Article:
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Dublin: 6 °C Tuesday 21 January, 2020
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This tiny box is helping people discover things they didn't know about

Pointy has been quietly growing in recent months, and wants to get all Irish retailers on board.

Pointy co-founders Charles Bibby (left)  and Mark Cummins.
Pointy co-founders Charles Bibby (left) and Mark Cummins.
Image: Colm Mahady/Fennells

THE HARDEST PART about shopping locally for anything is discovery.

If you want to search for something specific, chances are you’ll get a result from a major retailer like Amazon when it’s likely a local shop has it. It’s harder for them to be on the map and for people to find them, but an Irish startup wants to fix that.

Pointy was founded in 2014 but only recently did it see its app launch on iOS and Android. While it had a soft launch in November, the app officially launched in March.

The service has more than 600 shops signed up to it. The majority of them are based in Dublin (more than 200 are based outside the capital) but according to its co-founder Charles Bibby, that was a deliberate choice.

“We focused on our on-the-ground sales effort [in Dublin] to prove the concept and get it working, but we are very much ready to expand to other places,” he said.

The service prides itself on two things. On the retailer’s side, it’s simplicity. All shops need is a small SIM-powered box the size of a matchbox. When they plug it into their bar code scanner, it gets the inventory of the shop without either side having to do any work. The only thing that needs to be entered in at the start is the shop’s name, opening hours and a telephone number.

Pointy The Pointy box is the size of a matchbox and uses a SIM to send info. Source: Pointy

Currently there are 170,000 products on the service, and Bibby claims that if a product isn’t there and it’s scanned, it only takes them up to five minutes to update the system with it.

The other part is discovery for customers. One of its aims was to allow people to discover new shops and products that they wouldn’t know about easily and if anything, the launch confirmed that there’s an appetite for it.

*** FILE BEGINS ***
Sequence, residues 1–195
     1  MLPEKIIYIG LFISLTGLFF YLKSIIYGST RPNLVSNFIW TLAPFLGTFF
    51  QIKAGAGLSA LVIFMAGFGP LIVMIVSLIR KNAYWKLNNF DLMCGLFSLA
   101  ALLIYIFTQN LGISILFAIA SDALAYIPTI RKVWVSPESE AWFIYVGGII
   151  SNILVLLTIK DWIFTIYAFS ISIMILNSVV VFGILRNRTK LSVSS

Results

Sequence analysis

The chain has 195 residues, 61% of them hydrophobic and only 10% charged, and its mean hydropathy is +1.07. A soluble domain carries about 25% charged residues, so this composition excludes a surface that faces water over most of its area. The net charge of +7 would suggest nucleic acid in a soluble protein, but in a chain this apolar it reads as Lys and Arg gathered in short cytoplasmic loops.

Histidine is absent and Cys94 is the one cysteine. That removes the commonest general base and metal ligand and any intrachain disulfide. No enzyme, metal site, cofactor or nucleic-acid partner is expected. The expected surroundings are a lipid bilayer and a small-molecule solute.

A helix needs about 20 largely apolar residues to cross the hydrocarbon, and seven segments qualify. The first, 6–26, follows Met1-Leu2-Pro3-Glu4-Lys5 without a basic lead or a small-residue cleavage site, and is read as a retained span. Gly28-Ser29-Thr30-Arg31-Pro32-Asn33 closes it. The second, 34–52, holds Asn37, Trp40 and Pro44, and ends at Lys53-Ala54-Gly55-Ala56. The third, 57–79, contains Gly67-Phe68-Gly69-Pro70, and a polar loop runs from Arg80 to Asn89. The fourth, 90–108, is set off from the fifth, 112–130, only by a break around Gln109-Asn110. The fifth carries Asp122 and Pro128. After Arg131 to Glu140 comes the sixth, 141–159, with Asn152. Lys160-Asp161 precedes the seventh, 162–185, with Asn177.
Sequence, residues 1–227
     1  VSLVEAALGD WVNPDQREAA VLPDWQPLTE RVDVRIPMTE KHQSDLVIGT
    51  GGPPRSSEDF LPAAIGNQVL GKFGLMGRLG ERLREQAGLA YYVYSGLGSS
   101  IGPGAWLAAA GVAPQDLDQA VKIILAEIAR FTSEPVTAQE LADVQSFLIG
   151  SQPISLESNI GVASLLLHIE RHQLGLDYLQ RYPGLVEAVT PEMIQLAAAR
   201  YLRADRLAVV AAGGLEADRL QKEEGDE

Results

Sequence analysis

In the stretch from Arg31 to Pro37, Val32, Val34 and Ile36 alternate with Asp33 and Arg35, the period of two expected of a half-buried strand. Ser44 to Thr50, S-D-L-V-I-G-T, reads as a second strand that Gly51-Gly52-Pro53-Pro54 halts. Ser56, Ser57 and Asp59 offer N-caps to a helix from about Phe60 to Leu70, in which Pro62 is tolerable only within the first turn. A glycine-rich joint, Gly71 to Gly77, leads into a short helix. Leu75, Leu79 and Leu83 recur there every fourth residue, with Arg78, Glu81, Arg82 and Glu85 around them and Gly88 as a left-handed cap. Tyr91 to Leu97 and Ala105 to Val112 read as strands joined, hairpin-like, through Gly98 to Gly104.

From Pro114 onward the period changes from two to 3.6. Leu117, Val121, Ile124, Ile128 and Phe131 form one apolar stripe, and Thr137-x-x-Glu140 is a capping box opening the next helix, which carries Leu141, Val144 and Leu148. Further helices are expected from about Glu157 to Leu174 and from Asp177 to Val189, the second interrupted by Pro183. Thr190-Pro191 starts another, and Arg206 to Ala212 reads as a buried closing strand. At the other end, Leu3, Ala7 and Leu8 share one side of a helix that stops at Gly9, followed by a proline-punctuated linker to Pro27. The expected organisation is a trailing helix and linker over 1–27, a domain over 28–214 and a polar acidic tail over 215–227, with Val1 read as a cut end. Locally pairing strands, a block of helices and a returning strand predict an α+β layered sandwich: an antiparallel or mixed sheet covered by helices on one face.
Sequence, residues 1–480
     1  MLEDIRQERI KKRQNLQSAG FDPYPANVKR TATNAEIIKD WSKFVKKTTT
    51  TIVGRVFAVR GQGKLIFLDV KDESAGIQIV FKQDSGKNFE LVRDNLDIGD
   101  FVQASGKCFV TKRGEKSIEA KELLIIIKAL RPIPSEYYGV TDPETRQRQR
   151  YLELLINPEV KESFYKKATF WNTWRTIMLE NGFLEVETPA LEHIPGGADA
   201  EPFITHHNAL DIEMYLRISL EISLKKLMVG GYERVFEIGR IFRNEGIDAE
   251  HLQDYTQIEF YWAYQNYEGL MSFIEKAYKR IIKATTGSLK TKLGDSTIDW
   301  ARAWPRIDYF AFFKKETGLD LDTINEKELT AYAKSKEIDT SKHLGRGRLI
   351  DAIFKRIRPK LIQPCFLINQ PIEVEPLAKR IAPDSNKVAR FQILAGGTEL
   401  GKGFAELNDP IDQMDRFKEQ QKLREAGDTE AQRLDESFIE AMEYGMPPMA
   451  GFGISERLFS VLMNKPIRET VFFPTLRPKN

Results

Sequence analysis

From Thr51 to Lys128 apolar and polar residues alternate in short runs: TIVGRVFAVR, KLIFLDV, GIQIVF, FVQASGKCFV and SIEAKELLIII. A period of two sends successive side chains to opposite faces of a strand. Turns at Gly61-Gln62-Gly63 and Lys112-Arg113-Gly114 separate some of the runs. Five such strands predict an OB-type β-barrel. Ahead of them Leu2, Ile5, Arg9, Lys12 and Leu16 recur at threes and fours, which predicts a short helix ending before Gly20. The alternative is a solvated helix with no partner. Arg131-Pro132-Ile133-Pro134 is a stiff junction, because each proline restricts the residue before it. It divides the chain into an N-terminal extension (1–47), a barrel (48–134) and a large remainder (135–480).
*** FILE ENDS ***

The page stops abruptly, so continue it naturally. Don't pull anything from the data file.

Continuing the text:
“We thought this was a very real problem, but having the app out for real just confirmed that,” he said. “We see all sorts of things and to be honest, it’s just nice to see that people are out looking for things”.

You have two sides to it. One thing is people discover things they didn’t know about before… but then also [discover] a shop near them that they didn’t know about.

Pointy map
While it’s keeping its growth steady, the aim is to have 1,000 shops in Dublin signed up by the end of the year. Currently, the app has 5,000 users on both iOS and Android but Bibby would like to have 10,000 within the next four to eight weeks, something he sees as achievable since the last three weeks saw the app being downloaded 900 times a week.

The focus is very much on Ireland for now, but the potential behind it means Bibby and the team have the possibility of expanding to other countries in the back of their mind.

That isn’t going to happen just yet, however, there’s still the small matter of establishing a foothold in other cities like Cork, Galway and Limerick as well as other parts of the country.

One of the reasons we’re keen on the idea of Pointy is that it’s a global problem, and can be bought anywhere but right now, we’re focusing on Ireland. At some point in the not too distant future, we will go elsewhere but there’s still more to be done here.

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About the author:

Quinton O'Reilly

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